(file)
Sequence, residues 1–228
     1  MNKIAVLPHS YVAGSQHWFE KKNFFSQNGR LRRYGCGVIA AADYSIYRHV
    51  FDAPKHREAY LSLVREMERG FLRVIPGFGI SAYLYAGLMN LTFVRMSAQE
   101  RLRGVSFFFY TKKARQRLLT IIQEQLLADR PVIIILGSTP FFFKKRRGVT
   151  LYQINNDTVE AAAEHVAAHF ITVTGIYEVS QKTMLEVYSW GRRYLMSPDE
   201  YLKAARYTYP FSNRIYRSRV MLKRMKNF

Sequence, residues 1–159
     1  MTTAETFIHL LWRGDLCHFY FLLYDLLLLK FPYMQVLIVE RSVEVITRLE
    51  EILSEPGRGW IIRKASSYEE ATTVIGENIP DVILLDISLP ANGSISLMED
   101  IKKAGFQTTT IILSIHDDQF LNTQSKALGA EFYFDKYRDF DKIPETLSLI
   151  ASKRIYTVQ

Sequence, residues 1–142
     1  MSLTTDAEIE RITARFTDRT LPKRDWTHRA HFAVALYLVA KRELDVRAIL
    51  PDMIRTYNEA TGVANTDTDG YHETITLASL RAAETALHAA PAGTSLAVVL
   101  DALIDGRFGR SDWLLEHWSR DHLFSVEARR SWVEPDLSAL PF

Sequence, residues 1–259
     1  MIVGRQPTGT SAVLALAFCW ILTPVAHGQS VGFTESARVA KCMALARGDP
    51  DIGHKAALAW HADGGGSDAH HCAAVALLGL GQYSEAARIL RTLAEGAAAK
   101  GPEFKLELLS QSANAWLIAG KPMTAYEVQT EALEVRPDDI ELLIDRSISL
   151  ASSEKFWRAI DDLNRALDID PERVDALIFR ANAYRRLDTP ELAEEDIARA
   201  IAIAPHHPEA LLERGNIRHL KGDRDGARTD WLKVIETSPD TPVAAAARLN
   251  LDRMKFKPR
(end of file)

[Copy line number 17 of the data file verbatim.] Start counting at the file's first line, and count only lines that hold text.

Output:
     1  MIVGRQPTGT SAVLALAFCW ILTPVAHGQS VGFTESARVA KCMALARGDP